manners may be explained, there can be no doubt, that they were intimately connected with the genuine artlessness of his mind. In this amiable quality, he often recalled to his friends, the accounts that are given of good La Fontaine ; a quality which in him derived a peculiar grace from the singularity of its combination with those powers of reason and of eloquence which, in his political and moral writings, have long engaged the admiration of Europe.
In his external form and appearance, there was nothing uncommon. When perfectly at ease, and when warmed with conversation, his gestures were animated, and not ungraceful; and, in the society of those he loved, his features were often brightened with a smile of inexpressible benignity. In the company of strangers, his tendency to absence, and perhaps still more his consciousness of this tendency, rendered his manner somewhat embarrassed; an effect which was probably not a little heightened by those speculative ideas of propriety, which his recluse habits tended at once to perfect in his conception, and to diminish his power of realizing. He never sat for his picture; but the medallion of Tassie conveys an exact idea of his profile, and of the general expression of his countenance.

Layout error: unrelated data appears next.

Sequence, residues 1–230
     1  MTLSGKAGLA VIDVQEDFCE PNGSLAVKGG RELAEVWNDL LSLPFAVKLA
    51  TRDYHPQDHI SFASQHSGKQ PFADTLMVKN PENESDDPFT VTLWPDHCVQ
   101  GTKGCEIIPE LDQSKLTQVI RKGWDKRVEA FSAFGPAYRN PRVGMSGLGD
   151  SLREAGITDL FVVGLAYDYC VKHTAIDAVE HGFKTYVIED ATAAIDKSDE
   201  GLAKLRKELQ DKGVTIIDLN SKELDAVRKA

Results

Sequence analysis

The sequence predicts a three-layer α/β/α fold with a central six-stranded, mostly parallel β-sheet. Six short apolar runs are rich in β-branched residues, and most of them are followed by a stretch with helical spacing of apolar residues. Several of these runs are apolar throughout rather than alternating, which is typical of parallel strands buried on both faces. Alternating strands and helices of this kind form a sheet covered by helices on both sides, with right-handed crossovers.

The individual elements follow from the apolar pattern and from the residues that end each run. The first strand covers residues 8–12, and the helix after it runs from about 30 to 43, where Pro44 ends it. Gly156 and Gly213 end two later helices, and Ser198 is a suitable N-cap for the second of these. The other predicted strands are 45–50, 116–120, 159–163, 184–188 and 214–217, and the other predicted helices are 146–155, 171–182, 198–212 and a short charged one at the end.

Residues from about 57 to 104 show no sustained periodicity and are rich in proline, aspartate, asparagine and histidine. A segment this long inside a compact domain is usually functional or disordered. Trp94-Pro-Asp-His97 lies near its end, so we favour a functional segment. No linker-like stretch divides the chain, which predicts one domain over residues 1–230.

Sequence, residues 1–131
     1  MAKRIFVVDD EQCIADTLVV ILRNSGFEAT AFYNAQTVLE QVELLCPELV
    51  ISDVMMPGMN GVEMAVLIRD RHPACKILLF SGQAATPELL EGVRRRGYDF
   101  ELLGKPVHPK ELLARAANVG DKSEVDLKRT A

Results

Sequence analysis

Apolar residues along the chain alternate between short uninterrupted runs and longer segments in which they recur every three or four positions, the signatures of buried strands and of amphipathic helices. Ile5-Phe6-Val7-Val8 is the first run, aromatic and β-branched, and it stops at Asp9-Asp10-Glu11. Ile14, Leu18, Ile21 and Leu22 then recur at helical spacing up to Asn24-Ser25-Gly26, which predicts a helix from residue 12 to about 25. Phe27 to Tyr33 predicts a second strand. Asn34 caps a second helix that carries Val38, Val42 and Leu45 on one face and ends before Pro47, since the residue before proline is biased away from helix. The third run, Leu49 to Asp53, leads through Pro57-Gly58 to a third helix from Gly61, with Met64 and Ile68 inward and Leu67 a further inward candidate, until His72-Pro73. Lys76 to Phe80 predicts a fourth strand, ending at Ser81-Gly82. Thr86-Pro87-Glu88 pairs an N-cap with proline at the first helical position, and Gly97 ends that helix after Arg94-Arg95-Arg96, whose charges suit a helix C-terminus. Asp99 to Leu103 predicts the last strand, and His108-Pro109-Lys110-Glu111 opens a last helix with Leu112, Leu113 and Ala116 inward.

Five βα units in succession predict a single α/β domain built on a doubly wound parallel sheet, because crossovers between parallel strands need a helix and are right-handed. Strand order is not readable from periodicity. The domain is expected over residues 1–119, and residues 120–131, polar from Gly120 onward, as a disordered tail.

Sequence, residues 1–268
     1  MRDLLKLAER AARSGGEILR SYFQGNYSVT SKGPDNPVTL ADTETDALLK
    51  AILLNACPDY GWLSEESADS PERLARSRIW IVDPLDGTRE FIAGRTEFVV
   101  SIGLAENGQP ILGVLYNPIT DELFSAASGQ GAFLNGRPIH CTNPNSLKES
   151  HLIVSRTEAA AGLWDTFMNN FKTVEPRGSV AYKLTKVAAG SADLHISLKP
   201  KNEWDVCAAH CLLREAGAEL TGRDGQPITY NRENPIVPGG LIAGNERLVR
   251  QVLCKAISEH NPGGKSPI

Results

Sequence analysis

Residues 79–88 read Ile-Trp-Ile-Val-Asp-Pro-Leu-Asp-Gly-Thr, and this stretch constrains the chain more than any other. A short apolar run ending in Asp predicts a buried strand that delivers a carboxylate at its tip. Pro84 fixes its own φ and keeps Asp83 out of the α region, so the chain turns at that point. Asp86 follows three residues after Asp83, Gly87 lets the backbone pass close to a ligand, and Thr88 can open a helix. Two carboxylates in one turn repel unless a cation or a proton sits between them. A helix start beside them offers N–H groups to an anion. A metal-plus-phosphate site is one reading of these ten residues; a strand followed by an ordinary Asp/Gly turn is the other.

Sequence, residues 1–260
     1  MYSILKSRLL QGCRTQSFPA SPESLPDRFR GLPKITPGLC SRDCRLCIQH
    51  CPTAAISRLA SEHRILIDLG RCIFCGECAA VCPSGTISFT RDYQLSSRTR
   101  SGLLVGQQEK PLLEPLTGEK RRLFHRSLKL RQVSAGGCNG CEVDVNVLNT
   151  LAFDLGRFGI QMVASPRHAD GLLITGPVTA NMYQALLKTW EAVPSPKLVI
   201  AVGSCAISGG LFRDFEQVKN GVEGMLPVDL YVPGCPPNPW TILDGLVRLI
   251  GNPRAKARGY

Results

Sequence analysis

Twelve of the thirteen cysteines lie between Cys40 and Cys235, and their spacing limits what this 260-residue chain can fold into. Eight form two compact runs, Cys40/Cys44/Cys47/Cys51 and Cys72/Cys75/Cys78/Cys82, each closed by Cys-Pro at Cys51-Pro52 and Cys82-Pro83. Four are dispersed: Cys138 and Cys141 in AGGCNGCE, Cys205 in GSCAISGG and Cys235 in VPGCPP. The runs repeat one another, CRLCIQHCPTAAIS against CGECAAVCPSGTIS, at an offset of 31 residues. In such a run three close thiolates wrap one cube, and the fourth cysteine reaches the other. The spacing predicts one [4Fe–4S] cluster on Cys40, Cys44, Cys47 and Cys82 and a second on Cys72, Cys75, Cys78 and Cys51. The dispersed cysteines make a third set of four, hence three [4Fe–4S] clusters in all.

The valuable library that he had collected he bequeathed, together with the rest of his property, to his cousin, Mr. David Douglas, Advocate. In the education of this young gentleman, he had employed much of his leisure; and it was only two years before his death, (at a time when he could ill spare the pleasure of his society,) that he had sent him to study law at Glasgow, under the care of Mr. Millar;—the strongest proof he could give of his disinterested zeal for the improvement of his friend, as well as of the esteem in which he held the abilities of that eminent Professor.
The executors of his will were Dr. Black and Dr. Hutton ; with whom he had long lived in habits of the most intimate and cordial friendship ; and who, to the many other testimonies which they had given him of their affection, added the mournful office of witnessing his last moments.